Opening line: “When we were real little kids, Mom used to take Aaron and Doug and me to Sal’s Pizzeria for dinner almost every Tuesday, which is when they had their Family Night Special.”

First of all. How gorgeous is this cover? I’m in love with the colors and design. Nice work Andrew Bannecker.

Second of all. The story. Lovely. Heartbreaking. Uplifting. All the good things go into this story. Trent is starting 6th grade, which is hard enough for any kid. But six months ago Trent joined a pick up game of hockey, hit a puck into another kid’s chest (a kid who evidently had a heart condition), and that kid died. While a complete accident, Trent has not been able to forgive himself, and he’s pretty sure no one else has forgiven him either. His former friends are shunning him, his new teachers hate him, and worst of all, his father thinks he’s a waste of space (or so it seems to Trent). It doesn’t help that anytime he picks up a baseball or a basketball or any other piece of sporting equipment, his hands get clammy and he can’t breathe.

Then he meets Fallon Little, the girl with the horrible scar across her face, one that came either from a frisbee hitting her in the noggin, or a lightning bolt striking her, or being attacked by a soulless beast while scuba diving. Depends on which story she’s telling that day. Fallon is unlike anyone Trent has met before, and as much as he tries to dislike her strangeness, he can’t help but notice they way she laughs with her whole body and the way her smile tucks into the edge of her scar. And as much as Fallon jokes away her scar with extravagant storytelling, something happened there, something she doesn’t like to talk about.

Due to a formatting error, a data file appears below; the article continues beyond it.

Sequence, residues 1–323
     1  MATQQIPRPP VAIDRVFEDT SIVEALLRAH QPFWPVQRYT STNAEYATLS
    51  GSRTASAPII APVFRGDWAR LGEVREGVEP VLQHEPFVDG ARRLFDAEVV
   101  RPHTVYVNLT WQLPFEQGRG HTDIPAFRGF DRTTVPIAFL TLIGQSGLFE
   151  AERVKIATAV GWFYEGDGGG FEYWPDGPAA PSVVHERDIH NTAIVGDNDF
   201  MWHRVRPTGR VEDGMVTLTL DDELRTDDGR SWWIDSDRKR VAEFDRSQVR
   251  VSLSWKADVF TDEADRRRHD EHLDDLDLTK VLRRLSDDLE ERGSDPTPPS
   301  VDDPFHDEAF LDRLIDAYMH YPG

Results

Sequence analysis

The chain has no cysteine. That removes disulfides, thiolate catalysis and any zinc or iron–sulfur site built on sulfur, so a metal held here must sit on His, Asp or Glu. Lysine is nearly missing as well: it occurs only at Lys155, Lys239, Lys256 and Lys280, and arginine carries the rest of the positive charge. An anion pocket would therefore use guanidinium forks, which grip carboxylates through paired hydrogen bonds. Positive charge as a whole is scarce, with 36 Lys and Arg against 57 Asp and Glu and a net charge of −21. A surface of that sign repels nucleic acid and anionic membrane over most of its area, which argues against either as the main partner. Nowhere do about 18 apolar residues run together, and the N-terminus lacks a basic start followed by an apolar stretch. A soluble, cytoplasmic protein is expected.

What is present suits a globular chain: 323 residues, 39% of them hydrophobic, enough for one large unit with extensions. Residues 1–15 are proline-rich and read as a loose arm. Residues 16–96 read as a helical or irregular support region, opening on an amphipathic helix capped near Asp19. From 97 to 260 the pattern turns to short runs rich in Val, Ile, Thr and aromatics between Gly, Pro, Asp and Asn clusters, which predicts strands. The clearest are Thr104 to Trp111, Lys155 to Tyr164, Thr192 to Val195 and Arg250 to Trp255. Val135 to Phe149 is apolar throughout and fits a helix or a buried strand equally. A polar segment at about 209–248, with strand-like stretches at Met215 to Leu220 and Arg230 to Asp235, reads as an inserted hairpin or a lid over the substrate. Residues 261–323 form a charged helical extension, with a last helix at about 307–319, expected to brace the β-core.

This story is packed with wonderful characters and honest emotions, a nearly perfect middle grade novel.

2 stars

Interestingly, it’s a companion novel to Umbrella Summer, which is from the point of view of the younger sister of Jared, this kid killed by the hockey puck. She plays an important role in Trent’s story too, so I’m sure seeing the story from her eyes would be interesting as well. Cover’s not nearly as good though. 🙂

Dreaming of My Secret Agent Lover Man

Weetzie Bat, by Francesca Lia Block (1989)

What a strange book this is.

Another one on my long list for YA Lit, Weetzie Bat is one of the weirdest books I’ve encountered in a long time. And yet, I really liked it. I mean, take this pulled quote, for instance: